Mood boosters

Yates believes the next big trend within the nolo sphere is functional drinks, and has dedicated his latest menu to mood-boosting sips. “Functional drinks can help us drive the night-time economy and create a different one. I firmly believe it’s the future of where drinking will go,” he says. At the forefront of the trend is Sentia, which bills itself as ‘the world’s first gaba spirit’. The brainchild of professor David Nutt, Sentia’s plant-based ingredients activate gaba neurotransmitters that have a calming effect on the body, similar to alcohol. The goal is to create the relaxed buzz you get from alcohol without the hangover. Another player in the field is Three Spirit, co-founded by Tatiana Mercer, which leans heavily on drinking occasions. “People drink for feeling and flavour and you have to deliver on both. We developed our range with bartenders and plant scientists with flavour and function in mind – our Livener is a pick me up, while our Nightcap helps you relax. I like the fact that people can match their drink to a specific moment in the day, as the brand becomes part of the ritual,” says Mercer.
The explosion of the health and wellness movement has blown the door wide open for the nolo sector to profit from it. Consumers are becoming increasingly savvy when it comes to alcohol-free drinks, and are seeking more than great flavour – they want function too. “People are trying to optimise all areas of their lives now; it’s no longer just about morning vitamins and a cup of chamomile before bed,” says Anne Brooks, founder of nolo newcomer Eceaux Drinks. “Functional AF drinks could emerge as a distinct category, but they need to feel like a treat, as people are seeking escapism and indulgence at the moment.” Pauline Idogho, founder of RTD brand Mocktail Club, agrees: “There’s an interesting intersection between the nolo space and health and wellness. The future for the movement lies in targeting people who are moderating their drinking and are seeking out drinks that boost their physical and mental health. Taste and occasion will always be the driver though. If it doesn’t taste good then it becomes like medicine, and no one wants that,” she says.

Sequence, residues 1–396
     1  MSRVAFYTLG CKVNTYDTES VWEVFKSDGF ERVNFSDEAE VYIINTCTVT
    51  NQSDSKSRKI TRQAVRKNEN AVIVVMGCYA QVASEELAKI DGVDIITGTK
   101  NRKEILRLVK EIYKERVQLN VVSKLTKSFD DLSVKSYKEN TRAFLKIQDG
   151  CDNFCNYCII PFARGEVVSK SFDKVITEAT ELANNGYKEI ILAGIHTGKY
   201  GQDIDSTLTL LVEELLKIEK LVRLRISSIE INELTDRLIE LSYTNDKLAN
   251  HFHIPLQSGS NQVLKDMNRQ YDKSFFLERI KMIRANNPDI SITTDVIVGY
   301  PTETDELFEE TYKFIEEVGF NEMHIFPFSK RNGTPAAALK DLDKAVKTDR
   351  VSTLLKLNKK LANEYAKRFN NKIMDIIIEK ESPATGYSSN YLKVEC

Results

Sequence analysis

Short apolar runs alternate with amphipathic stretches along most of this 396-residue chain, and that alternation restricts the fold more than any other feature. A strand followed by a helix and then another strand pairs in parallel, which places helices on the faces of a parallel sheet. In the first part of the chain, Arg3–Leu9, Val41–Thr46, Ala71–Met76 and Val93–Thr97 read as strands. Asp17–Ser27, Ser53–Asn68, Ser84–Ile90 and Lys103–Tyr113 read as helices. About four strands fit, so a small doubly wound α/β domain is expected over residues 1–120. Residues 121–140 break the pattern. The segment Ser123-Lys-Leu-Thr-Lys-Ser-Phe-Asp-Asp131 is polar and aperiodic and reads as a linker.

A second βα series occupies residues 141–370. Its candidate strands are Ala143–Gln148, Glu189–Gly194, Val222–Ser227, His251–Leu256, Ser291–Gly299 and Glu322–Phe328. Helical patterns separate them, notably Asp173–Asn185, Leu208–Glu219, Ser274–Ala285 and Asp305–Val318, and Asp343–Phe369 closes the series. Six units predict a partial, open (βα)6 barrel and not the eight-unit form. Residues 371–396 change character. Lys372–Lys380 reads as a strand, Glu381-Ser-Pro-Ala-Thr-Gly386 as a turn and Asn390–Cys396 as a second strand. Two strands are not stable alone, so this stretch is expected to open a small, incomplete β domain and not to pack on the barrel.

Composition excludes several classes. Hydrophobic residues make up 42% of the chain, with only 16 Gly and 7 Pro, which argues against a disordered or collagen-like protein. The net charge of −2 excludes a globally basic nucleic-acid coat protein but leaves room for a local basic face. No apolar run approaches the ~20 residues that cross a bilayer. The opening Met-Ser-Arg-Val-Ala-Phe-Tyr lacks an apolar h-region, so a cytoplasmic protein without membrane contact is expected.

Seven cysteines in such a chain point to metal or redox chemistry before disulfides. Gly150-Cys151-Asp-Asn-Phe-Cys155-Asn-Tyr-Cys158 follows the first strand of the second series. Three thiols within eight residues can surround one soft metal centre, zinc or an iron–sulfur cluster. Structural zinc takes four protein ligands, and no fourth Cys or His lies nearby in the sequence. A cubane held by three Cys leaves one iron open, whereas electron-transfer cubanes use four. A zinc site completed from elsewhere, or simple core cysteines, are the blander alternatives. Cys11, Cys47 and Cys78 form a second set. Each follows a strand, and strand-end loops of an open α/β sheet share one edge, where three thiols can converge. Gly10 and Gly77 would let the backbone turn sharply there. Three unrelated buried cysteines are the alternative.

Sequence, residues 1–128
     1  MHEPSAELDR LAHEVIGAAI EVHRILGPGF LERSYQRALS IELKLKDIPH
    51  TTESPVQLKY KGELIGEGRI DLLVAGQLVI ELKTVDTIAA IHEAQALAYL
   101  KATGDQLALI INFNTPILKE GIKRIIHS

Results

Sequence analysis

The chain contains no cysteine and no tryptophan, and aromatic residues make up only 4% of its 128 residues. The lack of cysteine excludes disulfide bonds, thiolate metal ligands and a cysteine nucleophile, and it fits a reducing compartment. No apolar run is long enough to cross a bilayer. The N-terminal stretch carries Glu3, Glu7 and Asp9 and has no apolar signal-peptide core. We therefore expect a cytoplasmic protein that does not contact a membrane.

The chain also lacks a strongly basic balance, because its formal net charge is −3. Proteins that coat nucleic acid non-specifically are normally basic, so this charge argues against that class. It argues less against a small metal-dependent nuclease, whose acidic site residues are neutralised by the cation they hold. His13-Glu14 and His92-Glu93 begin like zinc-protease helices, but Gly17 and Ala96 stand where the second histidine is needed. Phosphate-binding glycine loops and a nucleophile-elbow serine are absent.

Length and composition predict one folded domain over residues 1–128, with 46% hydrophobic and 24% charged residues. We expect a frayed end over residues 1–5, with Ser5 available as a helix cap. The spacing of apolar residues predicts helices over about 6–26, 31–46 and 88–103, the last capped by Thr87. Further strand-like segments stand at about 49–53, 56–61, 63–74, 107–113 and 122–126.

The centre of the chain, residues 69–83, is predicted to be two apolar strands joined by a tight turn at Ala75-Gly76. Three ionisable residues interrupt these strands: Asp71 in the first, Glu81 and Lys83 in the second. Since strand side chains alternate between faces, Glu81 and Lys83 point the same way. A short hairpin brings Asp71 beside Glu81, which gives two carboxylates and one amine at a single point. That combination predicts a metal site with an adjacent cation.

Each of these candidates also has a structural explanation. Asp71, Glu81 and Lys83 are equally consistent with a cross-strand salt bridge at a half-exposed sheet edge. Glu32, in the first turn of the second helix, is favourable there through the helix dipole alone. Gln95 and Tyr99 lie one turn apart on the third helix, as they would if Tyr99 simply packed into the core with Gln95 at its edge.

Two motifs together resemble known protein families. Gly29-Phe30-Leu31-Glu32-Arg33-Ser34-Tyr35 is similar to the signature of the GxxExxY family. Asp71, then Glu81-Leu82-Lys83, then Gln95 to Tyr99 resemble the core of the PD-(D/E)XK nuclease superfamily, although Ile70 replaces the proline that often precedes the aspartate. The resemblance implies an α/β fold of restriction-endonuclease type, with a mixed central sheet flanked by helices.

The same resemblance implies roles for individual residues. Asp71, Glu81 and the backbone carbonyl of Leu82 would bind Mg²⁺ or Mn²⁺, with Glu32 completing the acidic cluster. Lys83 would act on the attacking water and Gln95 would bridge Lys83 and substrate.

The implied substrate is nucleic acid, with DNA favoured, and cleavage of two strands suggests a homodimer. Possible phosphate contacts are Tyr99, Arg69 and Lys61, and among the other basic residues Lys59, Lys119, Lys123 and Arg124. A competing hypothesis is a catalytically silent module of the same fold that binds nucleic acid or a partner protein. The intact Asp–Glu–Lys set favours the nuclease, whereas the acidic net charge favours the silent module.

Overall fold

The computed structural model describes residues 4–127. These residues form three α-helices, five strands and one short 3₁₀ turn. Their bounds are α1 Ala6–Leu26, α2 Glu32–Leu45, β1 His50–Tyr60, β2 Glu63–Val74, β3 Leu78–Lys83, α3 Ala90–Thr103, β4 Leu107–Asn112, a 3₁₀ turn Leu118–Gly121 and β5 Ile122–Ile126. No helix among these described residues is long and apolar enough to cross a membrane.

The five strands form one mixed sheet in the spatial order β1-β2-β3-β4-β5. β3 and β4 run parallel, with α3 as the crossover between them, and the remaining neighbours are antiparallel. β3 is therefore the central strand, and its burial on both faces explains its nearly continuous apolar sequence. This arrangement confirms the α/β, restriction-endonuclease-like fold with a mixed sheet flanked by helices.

Remembering ritual

Having initially focused on the absence of alcohol, the nolo sector has evolved and the focus has shifted to the functional benefits and what the drinks bring to the party. The importance of ritual can’t be forgotten within the conversation –human beings want to connect and belong, so AF drinks need to be able to tap into the rituality of socialising, and offer those who order them a sophisticated experience that doesn’t compromise on flavour or enjoyment. “When people buy a drink they’re buying the effect of the alcohol, so nolo drinkers are looking for something that replicates that taste and feeling and gives them a natural lift,” says Willoughby. “Presentation is also hugely important, as it’s all about the experience. It’s great to see mixologists taking real pride over their alcohol-free cocktails, as it’s a good motivator for change. Retaining the ritual around these serves is incredibly important, as people who happen not to be drinking don’t want to feel different and ‘othered’. Coke from a hose won’t cut it anymore.”  
While the nolo category has come a long way in a short space of time, the sector sill only accounts for a fraction of the total global drinks market, so its growth potential is huge. “Awareness is high but adoption lags behind as the concept is still new to a lot of people. Specialist retailers are popping up all over the world now, as are alcohol-free bars, so the category is evolving,” says Willoughby. As consumers re-evaluate their relationship with alcohol, and the stigma disappears around taking a more flexible approach to drinking – in the same way it has eating meat – what was once a niche eccentricity looks set to become one of the most dynamic and important categories within the drinks industry.